NEW YORK (CNN/Money) -
The nation's manufacturing sector grew at a faster pace in July, according to a survey of industry executives released Monday that contained lots of good news for Wall Street expectations.
The Institute of Supply Management's survey of executives at goods-producing companies came in at 56.6, the best reading of 2005 and up from the 53.8 reading in June. The closely watched survey, one of the first economic readings for July, had been forecast to rise to 54.5 in July.
Any reading above 50 constitutes growth in the sector, so Monday's survey means that manufacturing has grown for 26 straight months, the longest expansion in the sector in more than 16 years, since nearly three years of uninterrupted growth ended in April 1989.
The survey's subindexes also had good news for economists and investors. The employment index rose above that important 50 mark to 53.2 after two months below 50. The manufacturing sector has seen a net decline in employment in nine of the last 10 months through June, according to the government employment report.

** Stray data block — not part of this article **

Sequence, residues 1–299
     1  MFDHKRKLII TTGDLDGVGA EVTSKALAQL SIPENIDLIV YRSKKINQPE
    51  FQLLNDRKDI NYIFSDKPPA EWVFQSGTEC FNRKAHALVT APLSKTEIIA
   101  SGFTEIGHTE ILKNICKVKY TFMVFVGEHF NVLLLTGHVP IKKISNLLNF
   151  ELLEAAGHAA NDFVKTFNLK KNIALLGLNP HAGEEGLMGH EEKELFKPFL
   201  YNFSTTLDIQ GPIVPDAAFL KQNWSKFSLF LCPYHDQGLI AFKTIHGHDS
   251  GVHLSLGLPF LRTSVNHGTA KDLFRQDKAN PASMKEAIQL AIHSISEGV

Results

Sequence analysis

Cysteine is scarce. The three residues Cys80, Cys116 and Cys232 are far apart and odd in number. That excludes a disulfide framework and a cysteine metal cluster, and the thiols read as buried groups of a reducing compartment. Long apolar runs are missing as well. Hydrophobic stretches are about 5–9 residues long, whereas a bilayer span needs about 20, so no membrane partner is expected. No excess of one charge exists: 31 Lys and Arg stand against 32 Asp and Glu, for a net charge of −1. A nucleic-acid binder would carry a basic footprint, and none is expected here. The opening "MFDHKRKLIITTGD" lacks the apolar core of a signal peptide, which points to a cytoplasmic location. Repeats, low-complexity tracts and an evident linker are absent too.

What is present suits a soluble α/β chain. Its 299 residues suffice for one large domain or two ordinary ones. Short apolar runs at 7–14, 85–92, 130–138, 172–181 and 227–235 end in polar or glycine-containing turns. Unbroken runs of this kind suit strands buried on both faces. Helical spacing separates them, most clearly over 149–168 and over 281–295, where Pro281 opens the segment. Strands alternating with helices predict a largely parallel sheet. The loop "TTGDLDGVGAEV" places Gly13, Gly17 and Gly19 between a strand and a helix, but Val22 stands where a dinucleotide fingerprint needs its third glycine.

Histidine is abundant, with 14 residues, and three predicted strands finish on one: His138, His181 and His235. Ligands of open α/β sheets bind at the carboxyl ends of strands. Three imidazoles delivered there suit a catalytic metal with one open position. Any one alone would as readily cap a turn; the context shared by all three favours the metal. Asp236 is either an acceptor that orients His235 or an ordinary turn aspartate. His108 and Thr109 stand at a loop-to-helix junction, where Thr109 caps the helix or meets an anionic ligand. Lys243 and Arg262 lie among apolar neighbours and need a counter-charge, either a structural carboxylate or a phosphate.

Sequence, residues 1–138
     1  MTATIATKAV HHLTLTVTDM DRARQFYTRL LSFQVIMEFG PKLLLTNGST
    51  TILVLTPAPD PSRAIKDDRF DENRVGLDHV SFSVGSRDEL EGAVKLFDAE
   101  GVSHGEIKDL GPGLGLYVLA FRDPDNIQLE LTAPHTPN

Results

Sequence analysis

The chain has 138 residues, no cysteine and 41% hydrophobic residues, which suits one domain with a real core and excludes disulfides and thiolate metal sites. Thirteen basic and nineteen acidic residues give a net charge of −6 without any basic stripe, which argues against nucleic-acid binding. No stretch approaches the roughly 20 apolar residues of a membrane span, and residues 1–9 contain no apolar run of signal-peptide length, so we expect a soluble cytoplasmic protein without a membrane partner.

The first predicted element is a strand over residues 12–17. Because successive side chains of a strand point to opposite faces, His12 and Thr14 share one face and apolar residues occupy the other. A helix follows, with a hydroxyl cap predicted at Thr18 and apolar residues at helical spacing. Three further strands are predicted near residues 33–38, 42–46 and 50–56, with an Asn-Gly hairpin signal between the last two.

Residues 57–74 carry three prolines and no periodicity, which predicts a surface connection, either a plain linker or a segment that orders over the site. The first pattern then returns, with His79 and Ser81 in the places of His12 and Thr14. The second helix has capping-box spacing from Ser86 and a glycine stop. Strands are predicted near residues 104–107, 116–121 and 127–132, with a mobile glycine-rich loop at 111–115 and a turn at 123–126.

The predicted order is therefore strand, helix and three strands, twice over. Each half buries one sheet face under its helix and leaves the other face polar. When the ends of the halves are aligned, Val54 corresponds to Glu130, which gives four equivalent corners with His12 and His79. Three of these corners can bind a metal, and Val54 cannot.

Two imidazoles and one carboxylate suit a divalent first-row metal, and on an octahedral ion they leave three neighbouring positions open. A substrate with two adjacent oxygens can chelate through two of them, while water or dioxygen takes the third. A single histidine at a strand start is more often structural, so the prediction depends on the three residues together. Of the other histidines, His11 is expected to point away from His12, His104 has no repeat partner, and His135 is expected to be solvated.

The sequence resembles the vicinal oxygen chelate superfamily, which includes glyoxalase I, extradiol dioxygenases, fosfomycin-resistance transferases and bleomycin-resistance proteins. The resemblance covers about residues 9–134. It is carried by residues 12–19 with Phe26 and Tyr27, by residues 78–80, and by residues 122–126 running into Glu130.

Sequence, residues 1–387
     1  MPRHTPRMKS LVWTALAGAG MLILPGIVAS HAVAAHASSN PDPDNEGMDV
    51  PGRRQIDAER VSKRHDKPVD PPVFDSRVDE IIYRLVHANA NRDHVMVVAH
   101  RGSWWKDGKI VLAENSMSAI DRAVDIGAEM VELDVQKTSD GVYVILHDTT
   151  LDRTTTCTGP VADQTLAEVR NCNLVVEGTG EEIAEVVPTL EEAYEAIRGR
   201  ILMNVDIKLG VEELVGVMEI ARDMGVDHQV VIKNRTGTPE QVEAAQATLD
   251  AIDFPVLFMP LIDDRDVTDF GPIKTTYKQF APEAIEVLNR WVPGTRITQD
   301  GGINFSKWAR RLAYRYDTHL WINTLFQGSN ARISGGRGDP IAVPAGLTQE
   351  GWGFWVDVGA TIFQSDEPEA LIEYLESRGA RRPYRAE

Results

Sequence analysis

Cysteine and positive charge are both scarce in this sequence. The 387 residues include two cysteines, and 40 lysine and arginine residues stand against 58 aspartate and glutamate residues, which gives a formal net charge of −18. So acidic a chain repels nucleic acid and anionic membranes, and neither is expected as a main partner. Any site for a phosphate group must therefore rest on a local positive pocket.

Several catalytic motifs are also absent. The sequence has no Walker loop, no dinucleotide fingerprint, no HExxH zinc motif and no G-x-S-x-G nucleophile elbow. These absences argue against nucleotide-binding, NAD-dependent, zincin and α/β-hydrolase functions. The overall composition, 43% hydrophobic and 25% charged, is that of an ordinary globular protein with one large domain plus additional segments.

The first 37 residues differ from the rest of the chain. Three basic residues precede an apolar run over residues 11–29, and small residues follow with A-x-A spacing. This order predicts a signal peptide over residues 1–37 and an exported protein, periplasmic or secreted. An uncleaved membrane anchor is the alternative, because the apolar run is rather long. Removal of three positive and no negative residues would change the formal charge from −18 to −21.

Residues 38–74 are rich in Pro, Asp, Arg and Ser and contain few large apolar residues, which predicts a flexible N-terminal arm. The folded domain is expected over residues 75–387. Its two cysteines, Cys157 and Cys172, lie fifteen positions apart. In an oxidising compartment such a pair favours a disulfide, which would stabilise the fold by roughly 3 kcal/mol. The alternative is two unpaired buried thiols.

The July employment report is due out Friday.
And companies finally saw some price relief from their suppliers, as the prices index fell below 50 after posting 40 straight months of increases, coming in at 48.5. The survey showed 27 percent of executives now paying lower prices, more than the 24 percent paying higher prices during the month.
This marked the second straight month that the ISM index showed stronger growth in the sector. Before that, the index had fallen for 11 straight months to a two-year low, raising fears at that time that the expansion in the sector was running out of steam.
For more on the U.S. economy, and how it affects you and your investments, click here.